While he doesn’t expect everyone to adopt the idea of simplicity anytime soon, Brock does think that there is an onus on people who consider themselves Christians to, at the very least, think about how they might un-complicate their own lives.

“Christians are called to adopt a stewardship mindset, not a consumerist mindset,” he says. “If we spend our time and money the way everyone else does, is Christ really making a difference in our lives? The Great Commission isn’t the white picket fence American Dream. We need to be radically different. Our life should naturally make people ask questions.”

Brock admits that his way of life is definitely outside the mainstream, and is likely to still be seen as a little ‘on the fringe’ by most people. At the same time, he questions the way of life that many individuals and families currently find themselves in, and challenges people to think about whether or not their currently lifestyle is really working for them.

“Most people are living wildly outside their means, drowning in debt, no room for giving or service. It’s easy to label minimalists and simple-livers as granola-crunching hippies, or in our case, trailer trash — but is rampant consumerism really the kingdom way?”

Brock admits that it hasn’t always been easy to maintain such a different lifestyle, and there are things he sometimes misses about his old life, though he adds that overall the drawbacks haven’t been enough to make him seriously reconsider his way of life.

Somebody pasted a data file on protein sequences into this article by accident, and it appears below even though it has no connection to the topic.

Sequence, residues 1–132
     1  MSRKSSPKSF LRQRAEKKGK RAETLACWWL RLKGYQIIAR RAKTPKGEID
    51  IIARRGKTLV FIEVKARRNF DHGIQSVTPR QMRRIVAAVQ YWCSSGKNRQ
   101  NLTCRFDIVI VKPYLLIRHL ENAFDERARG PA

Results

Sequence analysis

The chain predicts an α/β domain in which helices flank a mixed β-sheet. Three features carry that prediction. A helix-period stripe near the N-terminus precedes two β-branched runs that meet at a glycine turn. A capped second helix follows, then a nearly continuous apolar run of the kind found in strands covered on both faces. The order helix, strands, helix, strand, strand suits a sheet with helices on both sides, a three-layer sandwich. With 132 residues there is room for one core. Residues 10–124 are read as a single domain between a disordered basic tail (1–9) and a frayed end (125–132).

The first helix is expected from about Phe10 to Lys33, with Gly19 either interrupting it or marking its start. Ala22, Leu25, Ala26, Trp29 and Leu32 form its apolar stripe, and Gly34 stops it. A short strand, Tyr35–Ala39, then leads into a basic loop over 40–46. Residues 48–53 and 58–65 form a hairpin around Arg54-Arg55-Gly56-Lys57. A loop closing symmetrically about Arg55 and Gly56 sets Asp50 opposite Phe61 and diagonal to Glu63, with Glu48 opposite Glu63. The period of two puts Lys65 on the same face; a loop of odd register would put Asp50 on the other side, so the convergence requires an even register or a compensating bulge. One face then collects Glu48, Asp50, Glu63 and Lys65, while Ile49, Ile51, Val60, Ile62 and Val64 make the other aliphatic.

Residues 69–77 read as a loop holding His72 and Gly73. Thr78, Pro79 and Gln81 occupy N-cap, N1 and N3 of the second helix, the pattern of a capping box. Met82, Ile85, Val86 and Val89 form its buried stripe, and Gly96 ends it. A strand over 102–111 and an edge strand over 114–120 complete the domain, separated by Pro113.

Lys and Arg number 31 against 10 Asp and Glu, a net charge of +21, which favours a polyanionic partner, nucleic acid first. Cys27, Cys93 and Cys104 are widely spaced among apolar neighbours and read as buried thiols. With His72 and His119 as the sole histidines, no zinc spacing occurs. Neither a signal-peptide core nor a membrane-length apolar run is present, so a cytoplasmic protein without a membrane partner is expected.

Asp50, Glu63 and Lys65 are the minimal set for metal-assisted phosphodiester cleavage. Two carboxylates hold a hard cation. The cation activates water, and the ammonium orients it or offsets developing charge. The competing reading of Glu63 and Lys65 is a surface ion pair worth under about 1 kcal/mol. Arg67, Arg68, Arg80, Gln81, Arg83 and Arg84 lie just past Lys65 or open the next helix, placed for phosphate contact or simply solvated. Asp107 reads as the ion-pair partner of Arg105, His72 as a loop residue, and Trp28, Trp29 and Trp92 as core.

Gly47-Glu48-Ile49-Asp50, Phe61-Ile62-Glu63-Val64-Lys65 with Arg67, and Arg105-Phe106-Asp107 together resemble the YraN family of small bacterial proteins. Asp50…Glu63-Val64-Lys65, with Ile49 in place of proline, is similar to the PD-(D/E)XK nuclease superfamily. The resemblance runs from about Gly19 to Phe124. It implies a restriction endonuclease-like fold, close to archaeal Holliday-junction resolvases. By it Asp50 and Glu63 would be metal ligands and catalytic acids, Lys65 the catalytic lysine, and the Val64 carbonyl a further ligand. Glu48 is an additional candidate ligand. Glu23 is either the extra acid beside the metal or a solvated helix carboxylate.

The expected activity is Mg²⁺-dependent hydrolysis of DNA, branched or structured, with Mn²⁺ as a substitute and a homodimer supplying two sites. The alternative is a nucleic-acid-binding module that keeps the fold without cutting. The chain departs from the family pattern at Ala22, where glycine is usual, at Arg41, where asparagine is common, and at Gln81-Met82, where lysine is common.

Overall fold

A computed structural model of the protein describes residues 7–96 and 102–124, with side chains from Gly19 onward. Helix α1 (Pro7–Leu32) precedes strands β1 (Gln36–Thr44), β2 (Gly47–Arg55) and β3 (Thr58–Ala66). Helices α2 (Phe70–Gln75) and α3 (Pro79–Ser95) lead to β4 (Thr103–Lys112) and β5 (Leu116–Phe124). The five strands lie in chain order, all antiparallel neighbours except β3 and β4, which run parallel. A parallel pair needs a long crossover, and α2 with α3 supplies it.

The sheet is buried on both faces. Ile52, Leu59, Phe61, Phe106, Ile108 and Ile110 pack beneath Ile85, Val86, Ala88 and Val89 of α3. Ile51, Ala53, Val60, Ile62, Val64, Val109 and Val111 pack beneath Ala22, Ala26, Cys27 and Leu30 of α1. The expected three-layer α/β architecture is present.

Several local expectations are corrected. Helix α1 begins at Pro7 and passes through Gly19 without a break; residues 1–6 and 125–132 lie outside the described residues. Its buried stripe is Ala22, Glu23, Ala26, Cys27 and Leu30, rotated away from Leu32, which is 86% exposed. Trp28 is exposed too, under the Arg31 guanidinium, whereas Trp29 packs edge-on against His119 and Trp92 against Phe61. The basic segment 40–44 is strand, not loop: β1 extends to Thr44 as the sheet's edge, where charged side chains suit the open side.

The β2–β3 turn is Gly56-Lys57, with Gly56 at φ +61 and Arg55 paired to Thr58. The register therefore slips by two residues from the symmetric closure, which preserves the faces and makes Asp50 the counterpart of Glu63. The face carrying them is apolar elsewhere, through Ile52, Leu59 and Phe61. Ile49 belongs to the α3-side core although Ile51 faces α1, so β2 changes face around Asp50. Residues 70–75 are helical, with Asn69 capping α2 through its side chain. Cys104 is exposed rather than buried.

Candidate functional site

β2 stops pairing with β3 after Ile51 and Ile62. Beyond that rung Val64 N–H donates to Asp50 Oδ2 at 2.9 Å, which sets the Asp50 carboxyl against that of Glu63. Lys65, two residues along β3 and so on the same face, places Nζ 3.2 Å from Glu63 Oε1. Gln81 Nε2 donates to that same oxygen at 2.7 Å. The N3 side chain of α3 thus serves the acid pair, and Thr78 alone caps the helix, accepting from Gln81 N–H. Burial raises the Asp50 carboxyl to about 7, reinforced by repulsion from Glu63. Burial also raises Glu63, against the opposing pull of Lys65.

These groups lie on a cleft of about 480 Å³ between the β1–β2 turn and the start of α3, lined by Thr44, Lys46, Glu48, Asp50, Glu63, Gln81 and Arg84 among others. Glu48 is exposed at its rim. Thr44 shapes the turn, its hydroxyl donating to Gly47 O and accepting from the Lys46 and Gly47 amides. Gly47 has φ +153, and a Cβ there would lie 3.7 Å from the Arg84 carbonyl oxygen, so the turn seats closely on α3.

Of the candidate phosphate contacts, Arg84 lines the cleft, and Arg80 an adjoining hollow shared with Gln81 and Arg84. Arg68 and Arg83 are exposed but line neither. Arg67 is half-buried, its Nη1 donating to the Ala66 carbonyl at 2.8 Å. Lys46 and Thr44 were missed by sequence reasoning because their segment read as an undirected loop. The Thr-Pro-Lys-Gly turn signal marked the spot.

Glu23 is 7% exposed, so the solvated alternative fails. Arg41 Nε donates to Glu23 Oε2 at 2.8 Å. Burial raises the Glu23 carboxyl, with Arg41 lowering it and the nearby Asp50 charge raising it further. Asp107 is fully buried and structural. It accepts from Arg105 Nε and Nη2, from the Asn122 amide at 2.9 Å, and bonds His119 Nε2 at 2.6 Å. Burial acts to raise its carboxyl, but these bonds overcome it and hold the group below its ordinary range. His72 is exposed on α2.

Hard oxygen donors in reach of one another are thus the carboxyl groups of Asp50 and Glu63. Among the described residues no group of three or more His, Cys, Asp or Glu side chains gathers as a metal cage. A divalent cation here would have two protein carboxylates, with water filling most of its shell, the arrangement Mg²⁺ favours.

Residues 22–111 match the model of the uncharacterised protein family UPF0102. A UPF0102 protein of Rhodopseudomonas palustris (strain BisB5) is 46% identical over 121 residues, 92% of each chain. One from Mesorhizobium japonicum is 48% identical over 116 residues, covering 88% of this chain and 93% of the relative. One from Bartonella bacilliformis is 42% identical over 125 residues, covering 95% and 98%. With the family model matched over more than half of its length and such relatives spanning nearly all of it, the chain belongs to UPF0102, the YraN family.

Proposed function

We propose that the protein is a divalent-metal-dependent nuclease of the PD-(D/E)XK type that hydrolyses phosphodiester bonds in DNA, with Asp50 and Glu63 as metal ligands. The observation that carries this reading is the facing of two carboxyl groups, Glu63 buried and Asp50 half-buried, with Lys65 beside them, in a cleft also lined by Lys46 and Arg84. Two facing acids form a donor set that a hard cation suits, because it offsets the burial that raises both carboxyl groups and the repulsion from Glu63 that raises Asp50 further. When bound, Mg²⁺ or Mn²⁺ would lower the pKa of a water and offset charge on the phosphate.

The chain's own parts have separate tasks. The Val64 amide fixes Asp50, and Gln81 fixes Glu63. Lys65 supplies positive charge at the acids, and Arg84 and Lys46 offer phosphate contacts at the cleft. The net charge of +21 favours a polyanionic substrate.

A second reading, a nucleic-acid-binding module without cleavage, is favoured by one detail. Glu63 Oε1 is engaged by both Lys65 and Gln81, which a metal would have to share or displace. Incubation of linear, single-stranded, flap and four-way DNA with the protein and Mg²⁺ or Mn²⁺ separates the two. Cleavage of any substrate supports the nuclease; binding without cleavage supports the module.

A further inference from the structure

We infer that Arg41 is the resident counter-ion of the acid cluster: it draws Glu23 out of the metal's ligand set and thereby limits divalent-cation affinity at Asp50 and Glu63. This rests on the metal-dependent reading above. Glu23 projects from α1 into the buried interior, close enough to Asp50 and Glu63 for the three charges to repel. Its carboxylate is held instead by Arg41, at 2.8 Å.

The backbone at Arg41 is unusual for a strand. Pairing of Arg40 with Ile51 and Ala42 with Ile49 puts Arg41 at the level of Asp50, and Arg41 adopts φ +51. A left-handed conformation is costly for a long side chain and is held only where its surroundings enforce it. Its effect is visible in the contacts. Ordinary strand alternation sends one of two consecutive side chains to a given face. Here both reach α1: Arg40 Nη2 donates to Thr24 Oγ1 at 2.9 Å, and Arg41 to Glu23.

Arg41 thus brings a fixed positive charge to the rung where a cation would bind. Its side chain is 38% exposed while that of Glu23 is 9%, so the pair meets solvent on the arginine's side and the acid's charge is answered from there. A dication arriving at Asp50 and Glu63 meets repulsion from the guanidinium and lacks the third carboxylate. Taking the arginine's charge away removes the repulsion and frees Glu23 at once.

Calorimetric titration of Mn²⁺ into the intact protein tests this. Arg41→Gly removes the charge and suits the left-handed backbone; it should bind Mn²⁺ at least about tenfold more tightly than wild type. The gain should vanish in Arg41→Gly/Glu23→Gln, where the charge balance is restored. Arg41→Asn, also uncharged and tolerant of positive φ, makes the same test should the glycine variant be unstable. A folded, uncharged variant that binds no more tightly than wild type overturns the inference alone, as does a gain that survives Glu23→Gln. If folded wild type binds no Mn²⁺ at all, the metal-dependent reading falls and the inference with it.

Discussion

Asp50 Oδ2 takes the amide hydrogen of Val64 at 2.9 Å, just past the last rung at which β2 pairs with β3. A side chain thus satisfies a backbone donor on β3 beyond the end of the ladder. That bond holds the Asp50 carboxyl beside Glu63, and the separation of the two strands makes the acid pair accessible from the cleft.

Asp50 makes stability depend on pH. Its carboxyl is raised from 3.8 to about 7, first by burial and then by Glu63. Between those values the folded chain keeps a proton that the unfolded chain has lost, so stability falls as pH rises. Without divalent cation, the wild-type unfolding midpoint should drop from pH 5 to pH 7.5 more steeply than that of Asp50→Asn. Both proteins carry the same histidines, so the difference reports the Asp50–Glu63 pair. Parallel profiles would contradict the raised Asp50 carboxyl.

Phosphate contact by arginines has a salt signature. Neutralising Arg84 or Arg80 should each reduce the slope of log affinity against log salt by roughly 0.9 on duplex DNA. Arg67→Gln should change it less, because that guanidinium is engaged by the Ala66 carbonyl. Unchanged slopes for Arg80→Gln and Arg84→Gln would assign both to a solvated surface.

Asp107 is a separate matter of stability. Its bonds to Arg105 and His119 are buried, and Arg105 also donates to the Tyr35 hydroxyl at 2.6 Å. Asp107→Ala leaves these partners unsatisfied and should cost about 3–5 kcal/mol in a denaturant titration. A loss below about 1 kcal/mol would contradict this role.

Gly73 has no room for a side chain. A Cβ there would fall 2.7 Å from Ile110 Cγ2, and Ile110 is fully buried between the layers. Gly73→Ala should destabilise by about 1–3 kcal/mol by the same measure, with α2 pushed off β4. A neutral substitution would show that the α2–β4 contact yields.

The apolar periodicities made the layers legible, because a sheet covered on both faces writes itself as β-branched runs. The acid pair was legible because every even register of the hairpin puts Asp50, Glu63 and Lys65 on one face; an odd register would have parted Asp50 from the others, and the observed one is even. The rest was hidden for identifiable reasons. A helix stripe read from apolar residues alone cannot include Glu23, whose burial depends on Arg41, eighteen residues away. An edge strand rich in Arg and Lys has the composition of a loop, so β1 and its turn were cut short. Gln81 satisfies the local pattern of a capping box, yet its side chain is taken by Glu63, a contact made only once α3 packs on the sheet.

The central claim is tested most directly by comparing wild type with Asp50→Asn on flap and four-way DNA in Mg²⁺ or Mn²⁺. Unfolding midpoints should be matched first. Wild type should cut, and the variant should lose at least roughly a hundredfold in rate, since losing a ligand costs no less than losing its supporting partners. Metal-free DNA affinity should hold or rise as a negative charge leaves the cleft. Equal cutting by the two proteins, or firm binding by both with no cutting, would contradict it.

“A few times a year — mostly on the road — we really wish we owned a cell phone. But everything is a cost-benefit analysis. “I’m more concerned about digital addiction than not being able to flag down a tow truck.”

Skeptics may point to the fact that Jared and Michelle don’t have any children of their own as a reason for doubting whether or not a life of simplicity is really possible, especially for people who already have kids. After all, it’s one thing for one person or even a couple to sell their possessions and move to the forest. When asked how doable a lifestyle of simple living is when kids are involved, Brock admits it might be challenging — but it can still be done.

“I have a few friends who seem to be succeeding,” he says. “They live in smaller houses in less-alluring areas, drive older cars or cycle, and limit their outside commitments in order to focus on running churches and ministries or developing communities or kingdom businesses.”

He adds that some parents might see a simpler life, particularly one with more financial freedom, as a way of actually enhancing their ability to be parents.

“We have a pair of friends who save up their money so they can adopt Ethiopian orphans. They have three so far. Their kids are so cool… certainly more interesting than a massive mortgage payment.”

Brock says that for his family, rejecting a ‘normal life’ in favour of a simplified lifestyle was “a no-brainer.” And while some may still find it difficult to sacrifice the cultural pressures to live a lifetime of chasing financial comfort and security, he suggests that there might be a better use of time if people would consider that maybe, just maybe, there’s another way of life that might serve them, and more importantly the Kingdom of God, a little bit better.

“Time and wealth are both finite resources. Life is short, bitterly so, and you can waste much of it climbing the corporate ladder or chasing counter-Christ ambitions,” he says.

“Alternately, you can ‘sacrifice’ a little bit of comfort and a few possessions and gain a wealth of time and money to re-allocate towards your kingdom calling.

“As Jim Elliot said: ‘He is no fool who gives what he cannot keep to gain what he cannot lose.’”

Rob Horsley is a freelance writer, daytime cable guy, and the former Managing Editor of SEVEN. He lives with his wife and daughter in Saskatoon.

THIS ARTICLE WAS ORIGINALLY FEATURED IN SEVEN MAGAZINE.